- The City of Santa Monica, California, in partnership with the Los Angeles Cleantech Incubator (LACI) and others, is looking to pilot a first-of-its-kind, voluntary, zero-emissions delivery zone, according to a recently issued request for information (RFI).
- The delivery zone, a one-square-mile area in what it calls the city's "commercial activity core," is home to the commercial districts of Downtown Santa Monica and Main Street. The RFI says LACI and the city are eager to explore new technologies to cut delivery traffic in the zone, with solutions like e-cargo bikes; micromobility devices; curb management; light- and medium-duty electric vehicles (EVs); and measurement and tracking for pollution, congestion and other data points. The pilot is designed to help LACI hit the goals in its Transportation Electrification Partnership (TEP) 2028 roadmap.
- Technology providers, including startups, community organizations and nonprofits, are encouraged to respond to the RFI by June 29. LACI said delivery companies should not respond to the RFI, but are encouraged to submit innovative ideas to be considered in the pilot.
As cities aim to manage curb space and reduce congestion caused by large delivery trucks, they have increasingly turned to strategic partnerships and innovative solutions. New York City and Miami have launched e-cargo bike pilot programs, while Los Angeles partnered with London in an "Innovator Cities" collaboration to work on some of the biggest transportation challenges both face.
California has long been a leader in the charge to reduce emissions, with numerous efforts spearheaded by the California Air Resources Board (CARB). The board is considering a proposal that would require manufacturers to produce 9% of Class 8 straight trucks to be zero-emission and 5% of class 8 tractors to be zero-emission in 2024. The CARB is also looking to collect data on fleets' vehicle inventory and operations data for each of their California facilities.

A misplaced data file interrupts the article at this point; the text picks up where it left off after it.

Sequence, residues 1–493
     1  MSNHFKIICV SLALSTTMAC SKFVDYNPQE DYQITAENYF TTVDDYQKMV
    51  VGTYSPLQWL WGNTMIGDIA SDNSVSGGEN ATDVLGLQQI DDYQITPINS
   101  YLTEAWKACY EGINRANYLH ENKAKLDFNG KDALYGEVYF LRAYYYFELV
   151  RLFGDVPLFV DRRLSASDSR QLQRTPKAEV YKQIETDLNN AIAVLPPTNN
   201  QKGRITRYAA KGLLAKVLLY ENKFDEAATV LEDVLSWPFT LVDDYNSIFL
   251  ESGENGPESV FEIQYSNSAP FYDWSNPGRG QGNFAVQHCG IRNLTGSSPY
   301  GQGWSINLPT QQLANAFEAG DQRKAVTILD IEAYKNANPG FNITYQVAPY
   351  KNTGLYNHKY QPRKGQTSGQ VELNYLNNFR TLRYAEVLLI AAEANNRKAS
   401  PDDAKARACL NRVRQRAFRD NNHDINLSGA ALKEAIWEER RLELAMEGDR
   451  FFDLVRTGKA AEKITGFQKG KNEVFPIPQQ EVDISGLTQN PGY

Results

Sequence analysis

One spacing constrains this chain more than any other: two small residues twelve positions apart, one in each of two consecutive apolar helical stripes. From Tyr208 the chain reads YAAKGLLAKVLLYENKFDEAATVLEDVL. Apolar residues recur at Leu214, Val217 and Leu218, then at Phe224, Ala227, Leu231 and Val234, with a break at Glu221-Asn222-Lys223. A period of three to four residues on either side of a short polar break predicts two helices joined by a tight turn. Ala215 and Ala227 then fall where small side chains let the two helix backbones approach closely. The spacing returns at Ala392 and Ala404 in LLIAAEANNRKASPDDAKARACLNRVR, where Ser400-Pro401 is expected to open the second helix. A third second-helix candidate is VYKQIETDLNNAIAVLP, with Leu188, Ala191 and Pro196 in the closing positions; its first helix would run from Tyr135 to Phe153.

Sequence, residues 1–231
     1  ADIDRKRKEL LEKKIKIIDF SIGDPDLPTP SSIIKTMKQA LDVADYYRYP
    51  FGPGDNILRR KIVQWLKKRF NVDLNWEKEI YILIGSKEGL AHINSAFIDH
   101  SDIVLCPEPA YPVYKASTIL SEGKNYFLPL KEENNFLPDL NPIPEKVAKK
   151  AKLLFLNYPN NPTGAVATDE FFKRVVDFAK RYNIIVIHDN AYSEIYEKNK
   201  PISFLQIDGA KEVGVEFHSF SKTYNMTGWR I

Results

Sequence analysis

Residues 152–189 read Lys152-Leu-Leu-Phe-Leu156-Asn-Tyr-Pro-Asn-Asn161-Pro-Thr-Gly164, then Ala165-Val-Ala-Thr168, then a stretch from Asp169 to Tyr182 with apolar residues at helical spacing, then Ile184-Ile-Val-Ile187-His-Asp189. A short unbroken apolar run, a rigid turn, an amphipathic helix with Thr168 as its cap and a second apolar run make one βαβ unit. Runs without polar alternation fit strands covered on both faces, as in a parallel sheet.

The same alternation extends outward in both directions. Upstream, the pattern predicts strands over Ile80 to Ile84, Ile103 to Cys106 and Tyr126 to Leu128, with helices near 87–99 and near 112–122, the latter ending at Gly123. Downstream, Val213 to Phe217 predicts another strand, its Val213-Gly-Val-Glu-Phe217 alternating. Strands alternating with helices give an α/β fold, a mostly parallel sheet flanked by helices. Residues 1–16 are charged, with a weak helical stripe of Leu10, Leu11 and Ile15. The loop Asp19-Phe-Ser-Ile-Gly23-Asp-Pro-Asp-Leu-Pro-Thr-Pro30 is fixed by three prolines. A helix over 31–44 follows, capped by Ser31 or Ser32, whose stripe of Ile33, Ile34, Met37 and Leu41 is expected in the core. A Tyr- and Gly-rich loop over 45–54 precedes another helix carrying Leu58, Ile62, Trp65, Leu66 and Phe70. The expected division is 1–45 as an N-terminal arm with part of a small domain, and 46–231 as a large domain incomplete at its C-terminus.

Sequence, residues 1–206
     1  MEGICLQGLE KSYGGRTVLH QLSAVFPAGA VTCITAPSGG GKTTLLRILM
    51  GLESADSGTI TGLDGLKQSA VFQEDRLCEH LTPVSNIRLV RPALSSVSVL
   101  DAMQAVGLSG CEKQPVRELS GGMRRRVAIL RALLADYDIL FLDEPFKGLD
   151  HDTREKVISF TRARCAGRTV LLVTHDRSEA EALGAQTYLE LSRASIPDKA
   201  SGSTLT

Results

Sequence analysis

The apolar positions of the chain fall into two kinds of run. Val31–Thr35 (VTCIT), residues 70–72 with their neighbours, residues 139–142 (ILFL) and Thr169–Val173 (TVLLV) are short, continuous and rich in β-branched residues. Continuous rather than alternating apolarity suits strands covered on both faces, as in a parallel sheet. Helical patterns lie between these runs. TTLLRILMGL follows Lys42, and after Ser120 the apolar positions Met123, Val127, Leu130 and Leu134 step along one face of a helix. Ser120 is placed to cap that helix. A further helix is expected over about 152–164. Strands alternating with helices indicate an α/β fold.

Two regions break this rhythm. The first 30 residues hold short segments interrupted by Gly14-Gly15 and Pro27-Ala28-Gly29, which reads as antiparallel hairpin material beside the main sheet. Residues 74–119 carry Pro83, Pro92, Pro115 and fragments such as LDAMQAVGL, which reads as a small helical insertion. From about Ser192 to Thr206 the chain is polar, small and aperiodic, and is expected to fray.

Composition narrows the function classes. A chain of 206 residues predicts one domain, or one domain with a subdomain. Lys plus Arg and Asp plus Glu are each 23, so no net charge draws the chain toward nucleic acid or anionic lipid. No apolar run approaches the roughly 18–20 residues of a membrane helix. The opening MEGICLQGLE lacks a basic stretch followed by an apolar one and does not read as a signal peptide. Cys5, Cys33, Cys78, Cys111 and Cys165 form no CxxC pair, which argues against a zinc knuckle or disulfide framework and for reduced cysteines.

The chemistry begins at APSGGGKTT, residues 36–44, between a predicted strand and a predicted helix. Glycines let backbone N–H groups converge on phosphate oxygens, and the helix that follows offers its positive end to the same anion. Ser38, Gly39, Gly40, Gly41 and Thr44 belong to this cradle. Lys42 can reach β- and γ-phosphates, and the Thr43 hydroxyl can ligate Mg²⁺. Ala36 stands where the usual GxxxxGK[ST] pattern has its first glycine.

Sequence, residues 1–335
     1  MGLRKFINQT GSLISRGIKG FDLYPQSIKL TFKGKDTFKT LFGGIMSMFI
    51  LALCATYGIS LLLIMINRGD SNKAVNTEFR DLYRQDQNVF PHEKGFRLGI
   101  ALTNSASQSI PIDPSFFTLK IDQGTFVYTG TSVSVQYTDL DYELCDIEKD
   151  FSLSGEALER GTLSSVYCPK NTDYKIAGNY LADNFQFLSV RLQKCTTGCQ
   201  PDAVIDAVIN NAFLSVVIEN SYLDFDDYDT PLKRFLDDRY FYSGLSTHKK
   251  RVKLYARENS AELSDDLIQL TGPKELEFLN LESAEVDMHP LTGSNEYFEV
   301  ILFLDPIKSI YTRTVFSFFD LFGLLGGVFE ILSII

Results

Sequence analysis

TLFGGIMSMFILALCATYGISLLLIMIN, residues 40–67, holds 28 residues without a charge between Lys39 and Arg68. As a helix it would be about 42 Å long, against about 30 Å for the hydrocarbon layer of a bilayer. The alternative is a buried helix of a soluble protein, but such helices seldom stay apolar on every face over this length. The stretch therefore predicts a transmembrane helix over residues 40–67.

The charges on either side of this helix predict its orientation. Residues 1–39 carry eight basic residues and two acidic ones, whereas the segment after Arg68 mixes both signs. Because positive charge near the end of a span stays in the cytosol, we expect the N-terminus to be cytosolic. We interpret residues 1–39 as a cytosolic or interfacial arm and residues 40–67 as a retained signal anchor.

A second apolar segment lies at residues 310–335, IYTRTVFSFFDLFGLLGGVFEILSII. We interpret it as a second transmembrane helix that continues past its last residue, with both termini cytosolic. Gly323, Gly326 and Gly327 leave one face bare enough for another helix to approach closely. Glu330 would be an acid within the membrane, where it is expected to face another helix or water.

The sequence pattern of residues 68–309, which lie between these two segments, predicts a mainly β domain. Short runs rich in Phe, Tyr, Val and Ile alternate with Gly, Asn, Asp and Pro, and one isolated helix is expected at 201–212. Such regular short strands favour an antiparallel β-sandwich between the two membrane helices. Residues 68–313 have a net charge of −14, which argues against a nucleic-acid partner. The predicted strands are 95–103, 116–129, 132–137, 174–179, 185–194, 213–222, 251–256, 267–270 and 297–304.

Proposals such as those from the CARB would normally be scrutinized by OEMs very carefully. But OEMs and large fleets seem to be embracing the challenges, as the push for alternative fuel systems continues.
The TEP roadmap aims for 30% of all cars on the road to be electric by 2028, as well as other goals on reducing goods movement from heavy- and medium-duty trucks, and encouraging a greater mode shift away from cars and trucks. With the 2028 Summer Olympic and Paralympic Games set to descend on Los Angeles, LACI CEO Matt Petersen said the time is ripe for moving away from old methods to try something new.
"We don't have all the answers, but it's going to include something that's a different form factor than a four-wheel vehicle in there," Petersen told Transport Dive sister publication Smart Cities Dive.
It will be "critical" to have legacy delivery companies — UPS, FedEx and the like — involved in the pilot, with Ikea having already committed to making deliveries in the region using 100 electric trucks, he said. Meanwhile, other delivery companies are committed to using more electric vehicles (EVs), and Petersen said their partnership will be "critical to see how their drivers and their customers interact with this."
LACI and its partners are looking to try a variety of different delivery options in a bid to figure out what works, Petersen said. With plenty to learn about innovative package and food delivery, as well as investing in infrastructure to support electric trucks and bikes making deliveries and charging, he said the pilot will be a key time to experiment.